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Categorized | California, Red Wine

Notes From A Wine Club

Linne Calodo is one of my favorite wineries in the World, located in Paso Robles, Central Coast, California, they make some of the most amazing Zinfandel, Syrah and Grenache blends.

Winter2010 newsletterheader Notes From A Wine Club

Included in your February shipment is one bottle of 2008 Sticks and Stones and two bottles of 2008 Problem Child. These wines are bold, bright with fruit, yet show a complexity of tannins, earth, and barrel driven extraction. As always, the 2008 Sticks and Stones is Grenache based, 57%, with a splash of Mourvedre, 29%, and Syrah,14%. When I am preparing to blend Sticks, I look for solid and aromatically concentrated barrels of Grenache that make your mouth water. On their own, these barrels are delicious but often lack finish and elegance. The introduction of specific Mourvedre barrels adds a subtle, earthy quality along with wonderful finishing tannins. A splash of Syrah softens any acidic feeling and brings about a lush palate. Upon tasting, the 2008 Sticks and Stones starts off with rich aromatics of boysenberry and raspberry that lead to a mouthful of vine fruits with hints of roasted meat and tar. Ready to drink now, but can be held for three to five years.

07sticksPC Notes From A Wine Club

The 2008 Problem Child weighs in at 70% Zinfandel, 17% Syrah, and 13% Mourvedre. At this point in my life as a winemaker, I have learned to think of producing Zinfandel as a game. A game where YOU NEVER KNOW THE OUTCOME! All wines are made
in the vineyard and Zinfandel is no exception. However, working with dry-farmed vineyards (no irrigation) creates so many challenges that I am always making small adjustments to ensure a spectacular crop.

First, there is Zinfandel’s infamously long flowering window to consider, a process lasting up to four weeks, which often results in a very unevenly ripening crop. In the quest to narrow the window of ripeness, we make two to four passes through the vineyard to drop inconsistent clusters. When we reach harvest, we have often dropped anywhere between 30 and 60 percent of the original crop. This is only the start; the clusters then begin to desiccate in the Summer and Fall heat and these raisins make it very difficult to know exactly how sweet the clusters are. Sometimes a vineyard of Zinfandel will be harvested at 23% sugar but three days later will climb to 28%. We call this “soak up” and is yet another inconsistency to account for.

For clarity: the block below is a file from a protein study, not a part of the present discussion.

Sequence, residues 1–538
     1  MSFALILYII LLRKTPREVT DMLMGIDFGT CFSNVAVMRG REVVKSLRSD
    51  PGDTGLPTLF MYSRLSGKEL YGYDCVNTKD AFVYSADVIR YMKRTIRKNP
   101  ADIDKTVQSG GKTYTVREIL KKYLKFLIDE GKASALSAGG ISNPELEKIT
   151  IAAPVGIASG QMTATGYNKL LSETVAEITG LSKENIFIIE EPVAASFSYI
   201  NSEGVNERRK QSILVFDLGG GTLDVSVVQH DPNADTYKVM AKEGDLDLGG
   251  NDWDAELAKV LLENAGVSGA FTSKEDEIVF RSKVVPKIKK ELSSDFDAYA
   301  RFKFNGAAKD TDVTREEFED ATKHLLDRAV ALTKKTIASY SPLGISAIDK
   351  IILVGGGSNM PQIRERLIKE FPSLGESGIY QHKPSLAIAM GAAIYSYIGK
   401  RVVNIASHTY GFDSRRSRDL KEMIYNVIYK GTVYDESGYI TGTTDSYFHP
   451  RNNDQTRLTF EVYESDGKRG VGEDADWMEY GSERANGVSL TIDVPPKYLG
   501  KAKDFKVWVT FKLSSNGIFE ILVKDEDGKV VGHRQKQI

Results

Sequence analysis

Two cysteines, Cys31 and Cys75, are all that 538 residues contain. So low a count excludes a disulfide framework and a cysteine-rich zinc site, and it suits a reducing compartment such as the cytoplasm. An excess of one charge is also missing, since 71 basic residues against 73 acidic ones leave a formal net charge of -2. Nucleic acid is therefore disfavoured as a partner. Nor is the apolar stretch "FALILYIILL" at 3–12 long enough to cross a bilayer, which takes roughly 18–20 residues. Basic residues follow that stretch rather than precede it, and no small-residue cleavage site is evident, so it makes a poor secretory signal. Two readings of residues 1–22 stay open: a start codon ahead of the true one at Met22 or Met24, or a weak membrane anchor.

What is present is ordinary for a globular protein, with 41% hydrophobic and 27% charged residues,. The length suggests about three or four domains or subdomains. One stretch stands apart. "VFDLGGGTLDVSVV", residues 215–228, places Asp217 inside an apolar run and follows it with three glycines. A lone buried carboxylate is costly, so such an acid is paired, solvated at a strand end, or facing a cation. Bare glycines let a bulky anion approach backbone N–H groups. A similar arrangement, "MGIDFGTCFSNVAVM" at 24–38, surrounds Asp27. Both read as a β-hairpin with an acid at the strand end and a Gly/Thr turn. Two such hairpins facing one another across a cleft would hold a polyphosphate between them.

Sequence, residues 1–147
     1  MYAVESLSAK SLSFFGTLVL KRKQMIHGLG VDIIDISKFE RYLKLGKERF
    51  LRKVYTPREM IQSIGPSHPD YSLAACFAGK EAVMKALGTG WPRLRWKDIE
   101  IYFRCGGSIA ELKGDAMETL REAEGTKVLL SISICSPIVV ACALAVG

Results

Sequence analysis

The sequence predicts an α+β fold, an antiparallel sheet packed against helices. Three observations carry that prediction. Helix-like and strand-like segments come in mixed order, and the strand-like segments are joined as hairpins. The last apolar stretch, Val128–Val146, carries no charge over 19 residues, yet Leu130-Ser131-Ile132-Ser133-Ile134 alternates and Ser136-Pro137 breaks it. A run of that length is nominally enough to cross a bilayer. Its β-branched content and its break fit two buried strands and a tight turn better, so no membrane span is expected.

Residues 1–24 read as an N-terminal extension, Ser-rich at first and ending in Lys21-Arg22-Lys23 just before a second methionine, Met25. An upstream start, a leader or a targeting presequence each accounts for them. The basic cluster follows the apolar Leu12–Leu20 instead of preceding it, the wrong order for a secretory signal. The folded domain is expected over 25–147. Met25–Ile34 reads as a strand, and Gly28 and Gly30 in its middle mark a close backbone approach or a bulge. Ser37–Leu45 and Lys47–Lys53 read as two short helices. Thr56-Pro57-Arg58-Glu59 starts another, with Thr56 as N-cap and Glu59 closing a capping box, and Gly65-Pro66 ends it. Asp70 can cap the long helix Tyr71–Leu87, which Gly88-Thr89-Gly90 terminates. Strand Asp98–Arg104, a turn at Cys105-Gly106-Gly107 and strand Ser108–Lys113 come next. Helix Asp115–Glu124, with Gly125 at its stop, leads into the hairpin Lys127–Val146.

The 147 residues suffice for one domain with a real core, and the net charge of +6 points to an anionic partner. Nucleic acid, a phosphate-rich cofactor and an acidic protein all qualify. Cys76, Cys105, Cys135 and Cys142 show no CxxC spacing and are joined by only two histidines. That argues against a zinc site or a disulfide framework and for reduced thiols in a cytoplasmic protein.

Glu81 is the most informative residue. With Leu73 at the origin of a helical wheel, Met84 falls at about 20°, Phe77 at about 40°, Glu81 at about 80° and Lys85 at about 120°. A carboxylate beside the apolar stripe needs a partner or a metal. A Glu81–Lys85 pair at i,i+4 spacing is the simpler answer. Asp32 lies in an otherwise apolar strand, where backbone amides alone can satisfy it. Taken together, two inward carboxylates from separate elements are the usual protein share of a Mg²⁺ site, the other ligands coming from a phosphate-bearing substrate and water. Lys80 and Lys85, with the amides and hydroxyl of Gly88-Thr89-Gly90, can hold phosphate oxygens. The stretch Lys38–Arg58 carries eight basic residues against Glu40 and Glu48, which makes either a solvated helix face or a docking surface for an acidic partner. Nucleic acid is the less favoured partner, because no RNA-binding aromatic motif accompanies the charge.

Finally, after sorting and destemming the fruit into small fermenters, the game continues with the hopeful completion of fermentation. Herein lies the final problem: yeast can only ferment up to about 17% alcohol, and clusters at 28% sugar place me very close to that line. This is why I like to co-ferment Syrah and Mourvedre with the Zinfandel, they lessen the alcohol potential and bring a balance and flavor profile I look for. Enjoy the Problem Child now and through the next three to five years.

Eat, drink and enjoy,

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